logs archiveIRC Archive / Undernet / #asm / 2007 / January / 25 / 1
Aliks
anyone know if in signed binary arithmetic, I'm supposed to carry the numbers into the sign bit, or is that "outside" the calculation?
ie. if I had a 3 bit (without sign) signed number, 111, and added 1...
would I have 000 and carry the 1 into the sign bit?
tiocsti
wikipedia for twos complement
Aliks
its not twos complement though
its signed
twos comp is for unsigned
tiocsti
(Action) shakes his head
Aliks
?
or at least that's my understanding
I was given different instructions for figuring out signed numbers
QuantumG
your understanding is akin to Bart Simpsons understanding of sex.
"the birds are singing, bees are trying to have sex with them", as is my understanding.
Aliks
lol right
QuantumG
two's complement is how signed numbers are represented in most computers today.
(or at least, most computers I can think of)
Aliks
right
but this is for a class
lol
         

QuantumG
so, if you have a 3 bit number, 111, and it was unsigned, and you added 1 you'd get 0.
Aliks
right
QuantumG
shockingly, if you had a 3 bit number, and it was signed, it would represent -1.. and adding 1 to that would give you, 0
Aliks
well, is there any case in which it would produce an incorrect result?
to just add them normally?
QuantumG
whereas 111 unsigned would represent 7, and adding 1 would give you, 0, I'd call that "wrong"
Aliks
right, overflow
QuantumG
yep, great, I hope you understand how I've done your homework for you.
Aliks
you havent
lol
I wish you had, but that doesnt answer my question
lets say I have (0)111 where 0 is the sign-magnitude bit, so it's positive
if I add (0)001, do I get (1)000 ?
QuantumG
yes
you'd get (1)000
Aliks
so basically I get a screwed up overflow that changes the sign-magnitude bit
QuantumG
and that would be "wrong" too
Aliks
instead of getting (0)000
I was wondering if it would only cause overflow on the rightmost 3
so just to confirm, I do carry into the sign magnitude bit
QuantumG
the processor doesn't know whether a register contains a signed or unsigned value.
it doesn't care.
Aliks
ahhhh
QuantumG
it just adds one and it's your problem.
Aliks
duh... I'm an idiot
thanks for reminding me of this obvious fact
lol
dont know what I was thinking
however, reading my book it just doesnt seem to say that.... gahh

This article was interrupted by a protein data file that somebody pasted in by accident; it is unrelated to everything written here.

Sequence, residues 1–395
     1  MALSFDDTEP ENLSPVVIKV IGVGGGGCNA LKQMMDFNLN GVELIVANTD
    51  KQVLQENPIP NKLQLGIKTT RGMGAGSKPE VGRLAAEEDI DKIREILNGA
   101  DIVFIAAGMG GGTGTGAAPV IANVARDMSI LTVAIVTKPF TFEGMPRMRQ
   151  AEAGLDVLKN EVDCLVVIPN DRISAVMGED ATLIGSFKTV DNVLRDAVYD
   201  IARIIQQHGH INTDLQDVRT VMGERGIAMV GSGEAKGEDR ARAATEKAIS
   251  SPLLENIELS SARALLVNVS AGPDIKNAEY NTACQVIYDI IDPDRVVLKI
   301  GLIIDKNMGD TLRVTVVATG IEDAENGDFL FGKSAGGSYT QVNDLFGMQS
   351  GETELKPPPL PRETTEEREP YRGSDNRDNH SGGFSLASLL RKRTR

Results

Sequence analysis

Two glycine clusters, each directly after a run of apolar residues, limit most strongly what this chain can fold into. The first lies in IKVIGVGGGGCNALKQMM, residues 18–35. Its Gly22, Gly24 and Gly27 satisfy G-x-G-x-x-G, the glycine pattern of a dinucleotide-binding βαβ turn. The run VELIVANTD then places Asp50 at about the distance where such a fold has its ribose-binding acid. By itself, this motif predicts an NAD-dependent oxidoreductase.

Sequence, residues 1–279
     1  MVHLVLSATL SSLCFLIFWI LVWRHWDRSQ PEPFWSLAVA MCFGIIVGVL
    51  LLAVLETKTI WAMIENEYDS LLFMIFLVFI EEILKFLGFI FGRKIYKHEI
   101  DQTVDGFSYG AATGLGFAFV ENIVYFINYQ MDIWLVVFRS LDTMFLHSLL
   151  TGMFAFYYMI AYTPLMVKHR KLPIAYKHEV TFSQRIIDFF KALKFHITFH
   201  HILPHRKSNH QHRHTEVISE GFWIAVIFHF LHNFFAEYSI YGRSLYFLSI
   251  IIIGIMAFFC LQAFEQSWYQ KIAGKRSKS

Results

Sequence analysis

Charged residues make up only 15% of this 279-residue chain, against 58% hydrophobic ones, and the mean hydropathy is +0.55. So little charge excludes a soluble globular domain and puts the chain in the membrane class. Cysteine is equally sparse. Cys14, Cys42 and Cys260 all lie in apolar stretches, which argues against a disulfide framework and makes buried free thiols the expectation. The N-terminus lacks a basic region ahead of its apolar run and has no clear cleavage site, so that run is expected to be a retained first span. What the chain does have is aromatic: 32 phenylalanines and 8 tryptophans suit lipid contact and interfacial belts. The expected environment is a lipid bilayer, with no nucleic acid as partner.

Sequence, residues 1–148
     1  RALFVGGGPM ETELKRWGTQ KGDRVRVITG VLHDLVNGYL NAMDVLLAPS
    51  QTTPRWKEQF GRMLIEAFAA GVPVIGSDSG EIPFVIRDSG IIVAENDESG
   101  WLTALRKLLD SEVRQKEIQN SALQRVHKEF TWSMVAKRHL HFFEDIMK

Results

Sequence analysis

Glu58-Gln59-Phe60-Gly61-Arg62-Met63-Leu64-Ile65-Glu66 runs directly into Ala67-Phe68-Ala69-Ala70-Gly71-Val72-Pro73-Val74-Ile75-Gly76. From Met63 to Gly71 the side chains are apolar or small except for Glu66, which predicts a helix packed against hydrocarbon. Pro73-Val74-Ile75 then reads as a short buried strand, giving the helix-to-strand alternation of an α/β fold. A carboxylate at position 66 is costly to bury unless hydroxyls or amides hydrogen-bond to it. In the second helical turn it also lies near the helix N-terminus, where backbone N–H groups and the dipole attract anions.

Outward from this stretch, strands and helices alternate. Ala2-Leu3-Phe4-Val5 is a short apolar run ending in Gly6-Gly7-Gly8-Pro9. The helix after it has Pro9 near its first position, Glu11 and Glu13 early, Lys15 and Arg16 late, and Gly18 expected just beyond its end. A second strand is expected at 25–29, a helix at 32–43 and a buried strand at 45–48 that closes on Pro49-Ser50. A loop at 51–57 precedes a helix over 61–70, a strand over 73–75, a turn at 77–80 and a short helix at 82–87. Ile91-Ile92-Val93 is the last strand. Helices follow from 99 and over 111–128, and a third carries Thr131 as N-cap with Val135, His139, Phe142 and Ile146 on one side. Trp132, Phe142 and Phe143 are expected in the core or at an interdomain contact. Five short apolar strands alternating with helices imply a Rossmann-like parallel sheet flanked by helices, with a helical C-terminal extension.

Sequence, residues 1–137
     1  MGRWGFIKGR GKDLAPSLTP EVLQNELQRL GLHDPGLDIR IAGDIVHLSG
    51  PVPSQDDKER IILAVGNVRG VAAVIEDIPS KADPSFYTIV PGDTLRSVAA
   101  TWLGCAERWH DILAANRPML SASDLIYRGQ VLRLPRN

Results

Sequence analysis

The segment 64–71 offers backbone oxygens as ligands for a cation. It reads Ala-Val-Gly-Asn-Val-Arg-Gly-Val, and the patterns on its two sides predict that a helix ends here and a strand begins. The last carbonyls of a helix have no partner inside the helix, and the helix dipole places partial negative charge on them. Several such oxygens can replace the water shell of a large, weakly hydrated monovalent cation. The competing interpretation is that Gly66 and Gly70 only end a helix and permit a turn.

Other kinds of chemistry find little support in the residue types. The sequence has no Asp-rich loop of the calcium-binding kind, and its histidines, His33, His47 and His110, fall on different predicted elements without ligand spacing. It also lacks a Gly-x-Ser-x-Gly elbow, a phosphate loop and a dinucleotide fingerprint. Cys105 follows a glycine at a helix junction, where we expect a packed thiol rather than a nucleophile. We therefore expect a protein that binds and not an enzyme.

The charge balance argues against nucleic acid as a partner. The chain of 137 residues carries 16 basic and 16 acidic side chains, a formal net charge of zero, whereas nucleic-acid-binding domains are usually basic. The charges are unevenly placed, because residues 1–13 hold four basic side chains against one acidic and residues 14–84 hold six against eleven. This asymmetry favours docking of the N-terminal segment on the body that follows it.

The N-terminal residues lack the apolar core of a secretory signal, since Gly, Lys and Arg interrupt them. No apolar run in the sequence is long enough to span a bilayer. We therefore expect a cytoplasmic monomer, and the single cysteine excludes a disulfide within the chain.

QuantumG
don't confuse the overflow bit with the sign bit
Aliks
"Consider the rule for adding two signed numbers: If the two numbers have the same sign, add and use that sign as the sign of the result. If they have different signs, subtract the smaller magnitude from the larger and give the result the sign of the larger."
QuantumG
the sign bit is just the most significant bit of the register.. the overflow bit is part of a seperate flags register (typically)
Aliks
right... when doing signed arithmatic though, there's no special instructions used to make it follow the quoted rules?
as opposed to normal rules?
         

QuantumG
there's no need.. that stuff is just for humans.
Aliks
ah
so they're not actually describing the computational process
they're just telling me how to figure it out
QuantumG
yup
Aliks
buh, I wish they would just give me the computation and let me worry about figuring it out
tiocsti
theres usually some branch support for signed vs unsigned, but thats basically it
Aliks
tiocsti, "branch support"?
tiocsti
the concept of 'above' and 'below' will vary depending on whether its signed or unsigned
Aliks
right
tiocsti
or rather, whether its treated as signed or unsigned
Aliks
with you so far
QuantumG
yeah.. and again, the names are just for human use..
"jump if above" really means "jump if certain bits in the flag register are set"
Aliks
yeah I realize that its all symbolic..
QuantumG
and how those bits are set tends to correspond to "above" when you use them correctly.
tiocsti
yup
all the branches are just evaluating the flags register (or equivilant)
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